Another Premier League season is on the horizon and that means we at 90min towers have a new set of kits to critique.
As my good friend Homer Simpson once said, it’s not just easy to criticise – it’s fun, too.
Who’s drowning in sauce and who’s drowning their sorrows? Who’s heading to the club shop and who’s heading to the club? Which kits are dripping and which are we dropping?
Ok, I’m out of puns. Let’s get into it.
Positives: It’s an official piece of Brighton & Hove Albion merchandise
Negatives: It probably shouldn’t be
It was all going so well, Brighton. And then the yellow was added.
Positives: Hummel are thinking outside the box
Negatives: They should no longer think outside the box
Southampton have had some daring throwback designs in recent years. This is not their best work.
Positives: The brighter the amber the better
Negatives: It looks like it’s going to rip at any moment
The design on Wolves’ home kit is fairly safe and that’s fine. The amount of sweat seeping through and flimsy material it looks to be made of? Big no-no.
Positives: Eric Cantona-inspired collar
Negatives: Man Utd will do anything to relive the glory days, huh?
This is Manchester United Football Club (and their home kit) we are talking about here. And it stinks. The patterns on the shirt and collar are hideous.
Positives: Hard to get Villa’s claret and blue scheme wrong
Negatives: Doesn’t seem like that was for the want of trying
Another kit treading the fine line between simple and boring. I’m leaning slightly towards the latter.
Positives: Could be a classic
Negatives: Could be the same Leeds kit as every other for the last 30 years
The white looks crisp, the blend of blue and yellow works well. So…why does it only add to my belief that Leeds are going to have a terrible season?
Positives: Unique collar pattern
Negatives: A quick Google search will probably reveal it’s not unique
Like with Leeds, adidas always give Fulham some trendy designs. But until they can prove that they’re not Norwich City playing in white, that means very little, I’m afraid.
Positives: Gorgeous shade of red
Negatives: It is literally only that red for 99% of the kit
Feeling daring, were we, Nike?
Positives: Imaginative use of stripe pattern
Negatives: Almost definitely being known as the kit Bournemouth finished 20th in
After at first being repulsed by Bournemouth’s black and red stripes, it’s hard to actually be too offended by Umbro’s design.
Positives: Big Harry Hill collar
Negatives: If anything it’s not big enough
Listen, Leicester, if you’re going to try and go retro, at least go all in. Why isn’t that collar down to the chest?
Positives: Helping fans save money
Negatives: Just a bit dull, init
Brentford made a pledge towards the end of 2021 that they would carry their home kit into the next season. A fine commitment but one that isn’t creative, so they get the midtable spot.
Positives: Neat little details based on Prince Rupert’s Tower
Negatives: Why am I supposed to care about that?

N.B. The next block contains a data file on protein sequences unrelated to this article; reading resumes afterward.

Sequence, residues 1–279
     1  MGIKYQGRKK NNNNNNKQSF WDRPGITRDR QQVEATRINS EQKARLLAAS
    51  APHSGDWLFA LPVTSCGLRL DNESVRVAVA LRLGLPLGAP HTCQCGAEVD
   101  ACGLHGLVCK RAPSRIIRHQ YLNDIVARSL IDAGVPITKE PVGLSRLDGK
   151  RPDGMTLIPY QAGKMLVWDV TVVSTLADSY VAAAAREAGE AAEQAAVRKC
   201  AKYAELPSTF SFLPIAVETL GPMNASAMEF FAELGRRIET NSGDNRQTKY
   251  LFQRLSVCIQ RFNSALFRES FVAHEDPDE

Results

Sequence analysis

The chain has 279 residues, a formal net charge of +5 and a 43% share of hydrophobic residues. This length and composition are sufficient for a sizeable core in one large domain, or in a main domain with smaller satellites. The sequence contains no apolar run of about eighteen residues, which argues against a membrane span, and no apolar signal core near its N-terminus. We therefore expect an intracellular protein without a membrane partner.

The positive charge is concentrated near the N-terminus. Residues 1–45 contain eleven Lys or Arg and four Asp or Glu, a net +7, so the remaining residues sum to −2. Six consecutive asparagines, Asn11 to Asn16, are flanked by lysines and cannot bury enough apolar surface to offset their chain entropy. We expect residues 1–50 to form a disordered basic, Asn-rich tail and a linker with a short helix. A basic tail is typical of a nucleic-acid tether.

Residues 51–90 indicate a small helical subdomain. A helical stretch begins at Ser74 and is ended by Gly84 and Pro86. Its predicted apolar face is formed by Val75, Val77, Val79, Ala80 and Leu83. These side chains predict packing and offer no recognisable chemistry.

Finally, an Everton kit without a hideously ugly shade of yellow to ruin it.
Positives: That’s how you keep a striped-design clean
Negatives: Castore tax
Not a huge fan of sky blue becoming a regular thing on Newcastle home kits, but this is as good as it’s going to look with it and it’s still superb.
Positives: Timelessly simple yet effective
Negatives: This writer’s prejudices
A lot of people have been blown away by Chelsea’s home kit for the new season. Personally not as fussed, but hey, it’s still pretty good. A nice lil Europa Conference League place for you, Nike.
Positives: A cracking modern take on a classic
Negatives: This writer’s biases
When Spurs’ new home kit was leaked earlier this year, I considered sitting outside Hotspur Way with a sign which read ‘NO TO NEON YELLOW’. But the design has since grown on me, which is good because Hotspur Way is miles out from civilisation.
Positives: Puma finally made a great kit
Negatives: There has to be a catch
Bringing back the burgundy trim and going for a central logo? May as well sign the Gallagher brothers up for the new season if you’re feeling this 1990s, Man City.
Positives: No sponsor is a big win
Negatives: It might be one of Forest’s only wins this season, eh!!!!
Heads up Forest, adding an ugly shirt sponsor will see you moved down about 11 places.
Positives: adidas and Arsenal are undefeated in this business
Negatives: It’s a shame that on-field performances haven’t matched in recent years
This might be the most Arsenal kit that Arsenal have ever had. They’re not pedalling Man Utd’s collar-up rubbish, either.
Positives: Best claret and blue kit of all time
Negatives: It’s still claret and blue
Hello, West Ham’s club shop? 90min’s Toby Cudworth would like to place a bulk order for these beauties.
Positives: If I were a Palace fan I would buy eight of these
Negatives: You’re not getting my money, Steve Parish
If we were ranking all kits in general this season, then Palace’s three for the upcoming campaign would rank first, second and third. Macron have come up with some legendary designs for the Eagles befitting of a proper ‘streets won’t forget’ team.